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It’s called a loop recorder. It’s a tiny medical device weighing about what a quarter does and it was costing a South Milwaukee woman about $30,000 to have it under the skin of her chest.
The loop recorder charts the electrical activity of the heart. Pam Lawton had no clue she needed one until one night in late July of last year.
“I had the whole facial droop and the one side was all paralyzed,” said Lawton.
A stroke last summer landed Lawton in the hospital for four days.
“I mean they saw that there was a blood clot but they didn't know what caused the blood clot,” she said.
The blood clot was in her brain.
Lawton said the process to find out why it happened cost her more than $35,000. Part of the bill was for her hospital stay and visits with specialists. But, most of it was for the loop recorder. Lawton’s insurance company, Independence Blue Cross, denied coverage for it.
“The device was considered experimental and investigative,” Lawton said.
It's connected to Lawton’s cell phone and sends readings to her doctor. She couldn't take it out. But, at one point, she did something else.
“I did have them turn it off for a little bit because of all these medical bills and stuff because I didn’t know if it was ever going to go away and I kept accruing bills,” she said.
Lawton's family contacted the I-Team for help. Pam herself went to work, asking her cardiologist to write a letter to her insurance company, explaining why this tiny device was medically necessary.
Part of the letter Lawton’s doctor wrote said the device was needed, "...to optimize detection of silent atrial fibrillation as a cause of her stroke."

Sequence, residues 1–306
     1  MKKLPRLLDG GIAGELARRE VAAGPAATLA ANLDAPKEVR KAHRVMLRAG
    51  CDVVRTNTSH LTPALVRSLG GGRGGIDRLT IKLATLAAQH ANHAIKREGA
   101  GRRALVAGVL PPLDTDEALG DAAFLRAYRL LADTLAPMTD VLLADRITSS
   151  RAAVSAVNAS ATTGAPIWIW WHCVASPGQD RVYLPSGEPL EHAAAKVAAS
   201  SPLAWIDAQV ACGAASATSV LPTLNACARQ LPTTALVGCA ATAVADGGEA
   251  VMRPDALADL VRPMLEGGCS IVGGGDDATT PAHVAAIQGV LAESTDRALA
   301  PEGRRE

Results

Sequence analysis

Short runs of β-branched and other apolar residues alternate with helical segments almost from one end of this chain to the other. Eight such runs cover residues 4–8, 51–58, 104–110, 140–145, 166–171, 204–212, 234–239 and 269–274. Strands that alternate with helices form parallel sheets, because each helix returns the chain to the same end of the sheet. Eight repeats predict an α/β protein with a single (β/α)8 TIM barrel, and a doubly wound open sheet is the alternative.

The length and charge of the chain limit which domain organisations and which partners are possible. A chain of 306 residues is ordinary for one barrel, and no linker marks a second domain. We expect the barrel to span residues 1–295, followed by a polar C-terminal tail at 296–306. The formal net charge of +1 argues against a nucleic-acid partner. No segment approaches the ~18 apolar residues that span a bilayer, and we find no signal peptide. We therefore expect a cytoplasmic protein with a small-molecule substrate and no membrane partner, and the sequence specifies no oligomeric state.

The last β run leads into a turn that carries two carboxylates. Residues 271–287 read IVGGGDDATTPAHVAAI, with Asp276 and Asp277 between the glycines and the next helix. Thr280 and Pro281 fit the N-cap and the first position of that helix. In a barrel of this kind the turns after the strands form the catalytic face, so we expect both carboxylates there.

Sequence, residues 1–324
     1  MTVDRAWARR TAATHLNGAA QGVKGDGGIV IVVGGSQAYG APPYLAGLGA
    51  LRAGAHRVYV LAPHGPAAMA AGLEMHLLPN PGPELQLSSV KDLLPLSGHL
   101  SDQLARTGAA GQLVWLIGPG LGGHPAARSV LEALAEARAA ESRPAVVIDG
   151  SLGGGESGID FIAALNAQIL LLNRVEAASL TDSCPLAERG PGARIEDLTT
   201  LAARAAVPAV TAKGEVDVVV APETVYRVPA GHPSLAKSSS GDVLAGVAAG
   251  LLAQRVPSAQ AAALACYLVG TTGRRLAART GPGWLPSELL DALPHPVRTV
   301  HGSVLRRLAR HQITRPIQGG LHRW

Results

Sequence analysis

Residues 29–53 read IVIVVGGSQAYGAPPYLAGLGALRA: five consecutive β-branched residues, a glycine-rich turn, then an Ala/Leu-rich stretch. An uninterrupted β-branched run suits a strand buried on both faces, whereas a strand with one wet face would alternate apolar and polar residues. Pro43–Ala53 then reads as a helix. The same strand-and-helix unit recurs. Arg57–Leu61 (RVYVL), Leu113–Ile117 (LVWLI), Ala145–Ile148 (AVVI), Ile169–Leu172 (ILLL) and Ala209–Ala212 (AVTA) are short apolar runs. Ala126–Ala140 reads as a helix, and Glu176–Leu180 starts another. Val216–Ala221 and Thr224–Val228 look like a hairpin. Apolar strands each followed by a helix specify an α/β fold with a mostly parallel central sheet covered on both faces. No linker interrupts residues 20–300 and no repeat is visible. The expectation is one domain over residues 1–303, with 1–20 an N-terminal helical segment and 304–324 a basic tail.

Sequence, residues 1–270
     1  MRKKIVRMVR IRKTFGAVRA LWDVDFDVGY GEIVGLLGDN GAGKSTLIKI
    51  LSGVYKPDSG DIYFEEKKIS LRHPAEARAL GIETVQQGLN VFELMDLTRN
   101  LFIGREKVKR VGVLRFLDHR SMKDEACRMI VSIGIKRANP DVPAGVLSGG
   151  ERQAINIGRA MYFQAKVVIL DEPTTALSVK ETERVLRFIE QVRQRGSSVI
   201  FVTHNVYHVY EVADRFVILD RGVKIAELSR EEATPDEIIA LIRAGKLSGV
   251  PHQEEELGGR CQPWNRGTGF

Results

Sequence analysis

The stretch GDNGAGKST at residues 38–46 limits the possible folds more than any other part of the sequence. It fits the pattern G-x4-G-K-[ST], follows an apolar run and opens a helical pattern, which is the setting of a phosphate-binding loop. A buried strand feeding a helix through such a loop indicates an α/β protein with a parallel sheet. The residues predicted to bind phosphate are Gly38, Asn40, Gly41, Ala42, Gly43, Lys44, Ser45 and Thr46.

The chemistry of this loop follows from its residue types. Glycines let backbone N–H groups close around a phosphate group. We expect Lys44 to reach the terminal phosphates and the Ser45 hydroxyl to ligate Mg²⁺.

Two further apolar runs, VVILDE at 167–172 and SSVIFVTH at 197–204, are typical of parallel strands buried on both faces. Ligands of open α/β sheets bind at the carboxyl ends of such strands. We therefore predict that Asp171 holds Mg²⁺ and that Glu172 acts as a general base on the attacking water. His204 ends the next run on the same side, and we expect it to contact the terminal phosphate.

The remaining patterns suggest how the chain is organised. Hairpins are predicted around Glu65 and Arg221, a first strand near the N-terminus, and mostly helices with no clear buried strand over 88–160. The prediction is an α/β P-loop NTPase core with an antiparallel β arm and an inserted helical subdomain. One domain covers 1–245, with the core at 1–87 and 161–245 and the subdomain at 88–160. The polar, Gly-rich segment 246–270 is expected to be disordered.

After the I-Team contacted Independence Blue Cross a spokesperson provided the following statement:
"At Independence Blue Cross we work with our members to help them navigate the health care system. In this case we relied on evidence-based guidelines and national standards to ensure that appropriate medical care is delivered. Based on new medical information presented yesterday, Ms. Lawton’s claim will be covered." -- Dr. Virginia Calega, Vice President of Medical Affairs at Independence Blue Cross
Almost a year and a half later, Lawton's more than $35,000 bill is now down to about $6,000. Her loop recorder is back on, monitoring her heart.
“It was night and day difference once you guys were involved,” Lawton said. “I feel, now it's happy tears, there were a lot of sad tears before of frustration, but now it's over."
If you are struggling with a medical bill, here’s what you can do:
1. Contact the I-Team’s Consumer Investigator, Kristin Byrne by clicking here at Kristin.email@example.com.
2. Medical bill experts suggest asking that your medical bill be itemized with what’s called CPT codes (this explains to the insurance company how a doctor billed their services).
3. If your insurance won't cover the bill, ask your doctor to write a letter to the insurance company, saying the procedure was medically necessary.
4. Consider writing a letter to the chief financial officer of your insurance or medical provider.
5. While all of this is happening, ask your provider to put the bill on hold so it's not sent to collections